I think in a way there's a false dichotomy with that argument in terms of directing money away from farmers, because what we're trying to do here is create a resilient system for the future, so it's all directed at farmers and it's all directed at the public. And how that's balanced is obviously a question for the future and a question for the detail and a question for cost-benefit analysis. But I think it's important, as I said earlier, not to separate these things out. They need to be part, they are part, of the same picture. So, for me, it's not a question of whether we're giving money directly to the farmers or whether we're giving money to manifest a more resilient system as a whole; they're two parts of the same thing.

Very, very quickly, and I mentioned before, given it's a land management scheme, I think active farmers have to be central to that scheme. I think that goes without saying, but it needs to be specified.

Grêt. Diolch yn fawr. Nôl i ti, Cadeirydd.

Great. Thank you very much. Back to you, Chair. 

Diolch, Luke. I'll now bring in Vikki Howells. Vikki. 

Thank you, Chair. Good morning to all our witnesses. The first question I'm going to ask has been a thread, really, through all of your answers today, but I make no apologies for asking it again because it's such an important one. I just wanted to make sure that there's nothing else you wanted to add on it. My first question is whether you feel that the Bill sufficiently addresses food security and also how it can address food sovereignty. 

Well, I think, yes, not to repeat boringly what I mentioned earlier on, I don't think it probably does at the moment, and I think there's room for some tweaking to actually ensure that we have food security at the heart of it. Whilst we don't want to go into the debate about whether food production is a public good or not, I think it evidently is given the geopolitical climate that we have seen, certainly over the past few months, and how things might change in the future. So, I think it's incumbent on us now in having a framework like this to not ignore that, but put that as a centrepiece of saying, 'Yes, we want to feed the nation that we are accountable to, and food security is absolutely part of that.' There might be themes around that, in terms of what that food offering looks like, but it has to be a centrepiece.

I agree with Gwyn again. I think he's absolutely right there, and I think that we need to talk about food security in its widest sense. Food sovereignty—we talked about resilience. It's about control and security for our nation going forward. I do think that we've got to be clear about what that means. The UK food security report, I think it was last year, identified the biggest threat to food security as being climate change and the nature emergency, so if we don't deal with those things, we're not dealing with food security.

We also then need to look at the nature of what we produce now and what we actually consume, which in Wales are largely two different things at the moment. That's not going to change overnight, but if we're going to look at food security and sovereignty going forward, then it's inevitable that we have to look at what we're producing, and we have to plan for transition. I think, in fact, for me, one of the most important things in this whole process is that what we're looking at is managing change here. There is going to be change—there has to be change—and managing it is the responsibility that we have. If we don't do that, we know what the consequences of that are. We didn't manage change from coal, and we're still paying the price for that 50 years on. That's what this is about.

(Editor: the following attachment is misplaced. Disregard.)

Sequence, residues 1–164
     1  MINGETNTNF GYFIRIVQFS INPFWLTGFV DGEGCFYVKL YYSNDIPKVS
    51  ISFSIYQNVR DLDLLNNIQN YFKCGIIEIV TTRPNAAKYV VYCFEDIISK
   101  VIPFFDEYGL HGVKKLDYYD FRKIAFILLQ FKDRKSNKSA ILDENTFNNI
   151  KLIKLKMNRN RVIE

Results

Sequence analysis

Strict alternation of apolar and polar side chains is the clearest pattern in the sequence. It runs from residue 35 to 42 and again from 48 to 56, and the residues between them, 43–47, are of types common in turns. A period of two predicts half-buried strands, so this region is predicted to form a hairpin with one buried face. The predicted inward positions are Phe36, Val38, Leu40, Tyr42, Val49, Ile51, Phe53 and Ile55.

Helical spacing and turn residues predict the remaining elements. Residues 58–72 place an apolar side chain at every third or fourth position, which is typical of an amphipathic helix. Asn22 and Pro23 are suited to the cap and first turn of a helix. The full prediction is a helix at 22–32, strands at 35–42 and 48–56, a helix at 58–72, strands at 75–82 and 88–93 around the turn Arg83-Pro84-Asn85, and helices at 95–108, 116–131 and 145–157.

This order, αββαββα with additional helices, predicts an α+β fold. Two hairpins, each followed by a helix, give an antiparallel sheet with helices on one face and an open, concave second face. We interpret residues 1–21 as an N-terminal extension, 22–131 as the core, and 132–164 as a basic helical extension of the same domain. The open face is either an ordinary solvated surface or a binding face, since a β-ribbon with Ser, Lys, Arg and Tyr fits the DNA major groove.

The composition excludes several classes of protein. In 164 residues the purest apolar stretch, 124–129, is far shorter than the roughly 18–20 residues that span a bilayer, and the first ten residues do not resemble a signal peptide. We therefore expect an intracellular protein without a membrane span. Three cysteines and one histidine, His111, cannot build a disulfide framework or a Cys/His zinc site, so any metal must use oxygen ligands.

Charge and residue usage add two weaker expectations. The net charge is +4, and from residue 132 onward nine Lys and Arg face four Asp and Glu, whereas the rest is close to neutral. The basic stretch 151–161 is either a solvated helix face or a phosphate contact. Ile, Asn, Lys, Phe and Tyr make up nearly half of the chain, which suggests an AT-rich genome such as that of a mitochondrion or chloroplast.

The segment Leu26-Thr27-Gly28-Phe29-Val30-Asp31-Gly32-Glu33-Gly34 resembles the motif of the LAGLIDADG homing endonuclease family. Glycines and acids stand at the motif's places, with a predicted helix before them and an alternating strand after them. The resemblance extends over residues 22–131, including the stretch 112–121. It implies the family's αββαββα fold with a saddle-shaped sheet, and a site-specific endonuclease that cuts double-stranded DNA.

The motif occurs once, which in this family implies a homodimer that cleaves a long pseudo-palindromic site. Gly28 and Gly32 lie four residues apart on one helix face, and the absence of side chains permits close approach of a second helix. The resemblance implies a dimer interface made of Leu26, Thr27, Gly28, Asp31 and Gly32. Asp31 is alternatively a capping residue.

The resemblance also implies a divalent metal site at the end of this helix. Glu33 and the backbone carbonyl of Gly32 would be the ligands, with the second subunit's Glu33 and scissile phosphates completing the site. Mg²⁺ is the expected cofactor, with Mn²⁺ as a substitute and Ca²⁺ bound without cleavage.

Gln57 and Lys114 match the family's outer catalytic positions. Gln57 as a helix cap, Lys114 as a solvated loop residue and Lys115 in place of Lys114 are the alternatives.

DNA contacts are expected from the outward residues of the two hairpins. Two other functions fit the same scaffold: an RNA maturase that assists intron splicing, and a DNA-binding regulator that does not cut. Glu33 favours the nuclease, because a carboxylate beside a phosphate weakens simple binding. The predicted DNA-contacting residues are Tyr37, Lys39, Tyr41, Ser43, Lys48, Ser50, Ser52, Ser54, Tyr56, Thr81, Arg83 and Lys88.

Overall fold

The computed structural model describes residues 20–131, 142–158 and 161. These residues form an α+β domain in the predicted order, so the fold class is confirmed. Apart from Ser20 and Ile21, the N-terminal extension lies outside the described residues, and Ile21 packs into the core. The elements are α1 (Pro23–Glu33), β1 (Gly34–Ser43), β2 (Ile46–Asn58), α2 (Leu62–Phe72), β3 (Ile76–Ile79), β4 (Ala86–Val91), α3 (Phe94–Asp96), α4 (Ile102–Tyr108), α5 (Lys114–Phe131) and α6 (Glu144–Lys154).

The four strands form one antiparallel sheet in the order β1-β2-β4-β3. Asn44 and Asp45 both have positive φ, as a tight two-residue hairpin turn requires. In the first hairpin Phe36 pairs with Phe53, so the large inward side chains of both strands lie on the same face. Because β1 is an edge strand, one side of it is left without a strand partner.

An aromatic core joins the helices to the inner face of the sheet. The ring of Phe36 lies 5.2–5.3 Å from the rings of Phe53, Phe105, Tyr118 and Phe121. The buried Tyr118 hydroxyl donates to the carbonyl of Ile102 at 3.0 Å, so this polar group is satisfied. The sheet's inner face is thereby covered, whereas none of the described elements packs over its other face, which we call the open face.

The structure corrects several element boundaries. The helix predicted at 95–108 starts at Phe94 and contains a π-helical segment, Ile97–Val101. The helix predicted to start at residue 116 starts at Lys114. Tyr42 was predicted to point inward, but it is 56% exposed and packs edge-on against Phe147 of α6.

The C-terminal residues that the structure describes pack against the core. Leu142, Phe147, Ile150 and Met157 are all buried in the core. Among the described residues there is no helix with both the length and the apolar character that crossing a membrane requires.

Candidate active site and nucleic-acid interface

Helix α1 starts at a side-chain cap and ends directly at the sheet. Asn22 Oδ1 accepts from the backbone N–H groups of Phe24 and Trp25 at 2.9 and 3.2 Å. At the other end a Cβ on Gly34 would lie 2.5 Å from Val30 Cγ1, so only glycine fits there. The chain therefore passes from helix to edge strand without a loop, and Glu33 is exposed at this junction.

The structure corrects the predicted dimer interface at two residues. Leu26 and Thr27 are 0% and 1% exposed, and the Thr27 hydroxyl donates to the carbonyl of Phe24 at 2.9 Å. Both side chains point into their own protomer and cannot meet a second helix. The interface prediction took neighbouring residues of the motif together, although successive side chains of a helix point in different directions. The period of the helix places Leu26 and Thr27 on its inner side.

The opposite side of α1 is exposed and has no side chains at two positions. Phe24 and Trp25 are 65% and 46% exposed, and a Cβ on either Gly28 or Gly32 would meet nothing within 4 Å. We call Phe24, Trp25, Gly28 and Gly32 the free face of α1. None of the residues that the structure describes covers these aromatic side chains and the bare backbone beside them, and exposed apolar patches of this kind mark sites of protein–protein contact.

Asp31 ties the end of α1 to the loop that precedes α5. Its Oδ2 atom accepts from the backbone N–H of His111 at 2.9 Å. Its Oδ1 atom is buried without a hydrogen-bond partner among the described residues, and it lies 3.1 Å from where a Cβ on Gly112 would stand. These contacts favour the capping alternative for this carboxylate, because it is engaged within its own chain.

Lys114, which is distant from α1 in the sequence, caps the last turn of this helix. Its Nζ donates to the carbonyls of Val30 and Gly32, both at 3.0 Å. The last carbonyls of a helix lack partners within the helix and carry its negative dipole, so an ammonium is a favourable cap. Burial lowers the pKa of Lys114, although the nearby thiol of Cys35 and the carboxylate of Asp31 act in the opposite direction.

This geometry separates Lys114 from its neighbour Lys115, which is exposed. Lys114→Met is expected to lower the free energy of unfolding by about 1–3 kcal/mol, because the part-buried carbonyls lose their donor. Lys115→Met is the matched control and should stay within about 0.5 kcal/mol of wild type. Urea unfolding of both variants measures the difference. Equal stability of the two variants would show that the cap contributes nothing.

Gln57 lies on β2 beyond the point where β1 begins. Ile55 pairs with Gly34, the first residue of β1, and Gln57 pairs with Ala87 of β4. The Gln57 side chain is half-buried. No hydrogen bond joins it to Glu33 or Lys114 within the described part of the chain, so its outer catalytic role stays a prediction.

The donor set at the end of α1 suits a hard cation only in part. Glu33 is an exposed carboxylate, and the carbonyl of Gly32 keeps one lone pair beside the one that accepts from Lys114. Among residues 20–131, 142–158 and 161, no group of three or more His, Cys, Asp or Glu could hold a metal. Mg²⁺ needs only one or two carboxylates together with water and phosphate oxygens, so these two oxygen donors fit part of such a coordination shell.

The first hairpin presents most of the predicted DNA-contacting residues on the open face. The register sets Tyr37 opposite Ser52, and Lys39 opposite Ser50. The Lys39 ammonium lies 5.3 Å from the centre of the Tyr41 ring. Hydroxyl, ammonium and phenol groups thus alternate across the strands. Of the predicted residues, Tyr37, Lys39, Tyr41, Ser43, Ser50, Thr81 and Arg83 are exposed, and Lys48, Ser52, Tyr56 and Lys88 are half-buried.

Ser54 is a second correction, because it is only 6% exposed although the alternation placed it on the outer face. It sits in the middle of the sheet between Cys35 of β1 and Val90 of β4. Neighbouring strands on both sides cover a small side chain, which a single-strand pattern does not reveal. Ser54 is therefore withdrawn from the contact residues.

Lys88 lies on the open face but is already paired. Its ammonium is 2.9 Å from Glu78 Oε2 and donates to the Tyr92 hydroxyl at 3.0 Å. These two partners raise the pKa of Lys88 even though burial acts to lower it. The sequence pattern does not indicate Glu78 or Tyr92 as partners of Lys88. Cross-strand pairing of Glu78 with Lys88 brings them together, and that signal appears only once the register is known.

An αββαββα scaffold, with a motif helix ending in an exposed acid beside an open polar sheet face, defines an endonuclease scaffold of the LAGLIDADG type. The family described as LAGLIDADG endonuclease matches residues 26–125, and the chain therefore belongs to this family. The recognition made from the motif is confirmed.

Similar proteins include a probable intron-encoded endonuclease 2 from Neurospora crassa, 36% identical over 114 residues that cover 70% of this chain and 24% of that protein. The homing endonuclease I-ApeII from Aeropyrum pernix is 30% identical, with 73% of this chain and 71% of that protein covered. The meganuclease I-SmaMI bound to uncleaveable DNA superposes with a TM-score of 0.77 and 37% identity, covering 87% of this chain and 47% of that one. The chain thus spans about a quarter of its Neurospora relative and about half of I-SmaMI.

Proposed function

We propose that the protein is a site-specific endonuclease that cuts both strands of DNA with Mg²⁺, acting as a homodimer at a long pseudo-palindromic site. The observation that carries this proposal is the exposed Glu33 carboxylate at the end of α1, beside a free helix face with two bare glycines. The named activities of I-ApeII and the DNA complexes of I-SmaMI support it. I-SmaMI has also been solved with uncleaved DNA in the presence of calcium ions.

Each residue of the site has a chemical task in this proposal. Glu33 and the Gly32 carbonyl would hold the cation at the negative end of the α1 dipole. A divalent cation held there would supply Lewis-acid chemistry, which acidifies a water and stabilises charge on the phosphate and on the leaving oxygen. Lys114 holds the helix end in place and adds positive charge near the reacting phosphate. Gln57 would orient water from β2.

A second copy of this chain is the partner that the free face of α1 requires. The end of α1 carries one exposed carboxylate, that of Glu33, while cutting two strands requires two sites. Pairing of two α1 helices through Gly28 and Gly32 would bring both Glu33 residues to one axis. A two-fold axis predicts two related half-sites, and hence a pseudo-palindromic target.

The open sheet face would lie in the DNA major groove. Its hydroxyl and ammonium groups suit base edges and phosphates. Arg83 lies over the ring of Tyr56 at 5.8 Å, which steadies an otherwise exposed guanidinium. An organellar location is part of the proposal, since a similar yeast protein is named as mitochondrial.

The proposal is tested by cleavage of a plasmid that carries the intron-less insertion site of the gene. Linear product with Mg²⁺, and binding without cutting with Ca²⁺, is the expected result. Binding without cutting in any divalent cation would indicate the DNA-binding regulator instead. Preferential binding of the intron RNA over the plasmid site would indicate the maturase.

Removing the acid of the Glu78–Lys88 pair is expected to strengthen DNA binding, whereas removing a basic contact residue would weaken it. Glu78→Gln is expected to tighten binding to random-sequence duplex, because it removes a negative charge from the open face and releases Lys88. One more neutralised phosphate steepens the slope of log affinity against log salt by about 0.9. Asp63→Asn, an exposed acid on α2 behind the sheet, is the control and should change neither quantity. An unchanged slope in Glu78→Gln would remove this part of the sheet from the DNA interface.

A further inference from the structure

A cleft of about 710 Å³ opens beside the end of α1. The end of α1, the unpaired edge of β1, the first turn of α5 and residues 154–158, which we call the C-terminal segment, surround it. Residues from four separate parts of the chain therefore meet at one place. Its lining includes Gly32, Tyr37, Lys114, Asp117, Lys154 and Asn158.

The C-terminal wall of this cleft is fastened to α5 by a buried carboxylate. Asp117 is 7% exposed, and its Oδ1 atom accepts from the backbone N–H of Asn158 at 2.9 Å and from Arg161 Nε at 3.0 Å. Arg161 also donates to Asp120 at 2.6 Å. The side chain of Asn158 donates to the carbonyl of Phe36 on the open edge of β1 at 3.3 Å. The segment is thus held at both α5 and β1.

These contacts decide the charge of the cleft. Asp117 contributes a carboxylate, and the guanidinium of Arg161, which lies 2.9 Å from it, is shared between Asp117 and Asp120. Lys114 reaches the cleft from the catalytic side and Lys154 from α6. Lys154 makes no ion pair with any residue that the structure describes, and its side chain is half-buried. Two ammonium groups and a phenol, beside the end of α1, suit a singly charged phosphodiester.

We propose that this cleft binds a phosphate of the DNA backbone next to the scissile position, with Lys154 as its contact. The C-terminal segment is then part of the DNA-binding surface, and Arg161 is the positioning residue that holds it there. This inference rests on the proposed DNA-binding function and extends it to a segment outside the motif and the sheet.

One thing I would mention in that respect is that we need to have special regard for horticulture in that respect, because we desperately need to increase the amount of horticulture production on a sustainable basis, and we have massive opportunities, in my view, in that area. We're seeing quite interesting changes to the structure of the market in that respect, especially when we're looking at the cost of inputs at the moment. I'll just give you a small example. I'm not trying to advertise my establishment, but during the summer some of the organically produced fruit and veg that we were selling was comparable to mid-priced stuff in Tesco. That's never been the case before. And that's because the price at which we were purchasing from our local suppliers who we have long-standing relationships with didn't go up in the same way that other more input-dependent produce did. 

10:05

I think it's a great question. From my perspective, I think we just need to take a backward step and say that as we went through Brexit and COVID our supply chains were very tight at times. The challenge we have is that we've always got through, and I wouldn't wish Governments in Wales or the UK to assume that things are always going to be okay. Supply chains were and can be extremely tight. So, that's the first point I'd like to raise. And that's reinforcing your point, Vikki, that it's part of this work. 

I think we need to look at two things here. One is the actual raw materials themselves like grain and sugars or whatever, and then, secondly, the enablers to produce those, like fertiliser, seed, et cetera. I think also one thing that's been missed here, which may be a hot potato, is our land use. So, how do we use our land? Not for now, but I can send a report on to you. There was some work done by the University of Cambridge's Institute for Sustainability Leadership. What it basically said was that if you added up all conflicting requirements for our land in the UK, we do not have enough land to give us food security going forward. And I think the concern I have is there's an assumption that we'll always get through, and that may not be the case going forward.